By Jason Foumberg
Aleister Crowley, occult philosopher and mystic, is best remembered for his precept: “Do what thou wilt shall be the whole of the Law.” This phrase is often misinterpreted as an excuse for a hedonistic lifestyle because Crowley himself engaged in taboo sexual exploits and drug experimentation, edifying some to pursue individual, anarchic freedom. Really, though, Crowley promised desires fulfilled by one’s destiny, prefiguring “The Secret,” the bestselling New Age self-help book, by about a century.
Crowley was never one to water down his thinking in pursuit of popularity. Instead, his strange writings, including instructions for pagan rituals, appealed mostly to fringe thinkers. William S. Burroughs, beat poet and author of “Naked Lunch,” picked up on Crowley’s philosophy with zeal, distorting its lessons to accommodate his own blatant drug use and sexuality demonized by mid-century American morality. In a 1978 interview, Burroughs misquoted Crowley, effectively reversing the dictum: “What you want to do is, of course, eventually what you will do anyway. Sooner or Later.” His interviewer accused him of being “amoral.”
Burroughs’ “Portrait of Aleister Crowley,” a painting on paper from 1988, is now on view at Th!nkArt Salon, in Wicker Park, along with a dozen or so of his other works. Burroughs’ palette tends toward the visceral tones: dried-blood crimson, shocks of red, vomitus green. The acrylic paint was applied energetically with a painter’s knife, sometimes accumulating into a crusty mass and sometimes taking on an ethereal air behind swaths of frenzied spray paint. No human face emerges from the portrait of Crowley, but a portal to some grim ghost-land sits front and center.
With titles like “The Assassin’s Gun” and “Tanks, World War I,” vileness and violence reign supreme. Was Burroughs thinking of the AIDS epidemic depleting his fellow gays during those dark years in the late eighties? Maybe, but Burroughs always celebrated the sordid. “Naked Lunch” and “Junky” made drug use seem hip, he carried a gun on his body (used variously to accidentally murder his wife and, later, to make ‘shotgun paintings’), and he often participated in underground gay activities.
Burroughs wasn’t a hero of gay culture in the usual sense. He didn’t fight to normalize homosexuality into the mainstream and he didn’t preach against the public perception of it as immoral and dangerous. In fact, his writings play up the dangerous and degenerate aspects. Surely this was a realistic picture of some pretty negative experiences, but it was also the acceptance of difference as empowering, as if to say: If you think my actions are ugly, and that makes me unique, then I will prove it. Burroughs’ paintings, though not masterpieces, are interesting because they come from his hand. As such, they’re small testaments to a subculture hacking away at conformity.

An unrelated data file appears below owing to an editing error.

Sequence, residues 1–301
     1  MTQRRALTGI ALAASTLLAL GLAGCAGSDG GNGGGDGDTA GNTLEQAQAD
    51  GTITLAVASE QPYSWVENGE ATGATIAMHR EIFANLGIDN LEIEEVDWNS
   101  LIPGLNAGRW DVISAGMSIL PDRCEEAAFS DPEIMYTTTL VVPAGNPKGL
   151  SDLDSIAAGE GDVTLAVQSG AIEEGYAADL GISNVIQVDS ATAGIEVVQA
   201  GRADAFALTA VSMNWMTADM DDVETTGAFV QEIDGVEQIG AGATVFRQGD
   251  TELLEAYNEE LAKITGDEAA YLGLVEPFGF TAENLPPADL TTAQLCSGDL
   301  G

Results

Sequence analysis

Across town, at Gallery 400, artist Michael Ruglio-Misurell tore up the space for his “Project 12,” a fictional shopping-mall food court destroyed by a riot. The immersive installation is believable like a movie set, and visitors are free to wander amid the ruins. Soon details and clues emerge: jean cut-offs hang from a clothesline, “undies” (the artist’s word) are stuffed into corners, tube socks hang from a urinal’s lip. In fact, urinals are everywhere here, stacked and in pairs, and so are plaid garments, popping up in almost every corner. Pink polka-dot vinyl threads through installation. There’s a makeshift tent ripe with pillows. There are glory holes.
It seems a band of gay outsiders stormed this food court and have since taken up residence. Whoever they are, they’ve effectively disrupted the shop-till-you-drop consumer ethos, replacing it with a destroy-till-you-fuck pleasure principle. It’s as if something had to be destroyed so that something else could be created.
Echoes of Burroughs ring here; just replace junk for junky. From the debris rises a sex den—the ‘disgusting’ type, where urinals, piss play and strangers are fetishized. The flags of a subculture are present if you know how to see them: the plaid garments symbolize the macho-man role. Knotted and in torn pieces, they serve as gags and cum rags.
Why take down a shopping mall? Again, the plaid shirts are cues. Ever since it’s become the hipster garb de rigueur, hawked at Urban Outfitters and H&M, plaid lost its symbolic power. Consumerism is the great equalizer. It has even set the stage for homosexuality’s mainstream entrance, queering products to increase salability. The stores in Ruglio-Misurell’s mall attest to this. They are called Paradise, Allure and Chicken Hole. With a glory hole punched into Allure, there’s no saying what might appear on this side of seduction.
In 1975 Gordon Matta-Clark sliced huge holes with a chainsaw into an abandoned warehouse in New York City. The site was an underground cruising spot for gays, now granted exposure by Matta-Clark’s violent cutouts. Both Matta-Clark’s gesture and the cruising were illegal and dangerous in 1975. In contrast, Ruglio-Misurell’s installation is co-sponsored by Westfield, a shopping-mall corporation with five outlets in Illinois. It seems that perversion is still a worthy tactic.
Works by William S. Burroughs show at Th!nkArt Salon, 1530 N. Paulina, suite F, through September 15. Michael Ruglio-Misurell’s “Project 12” shows at Gallery 400, 400 S. Peoria St., through October 3.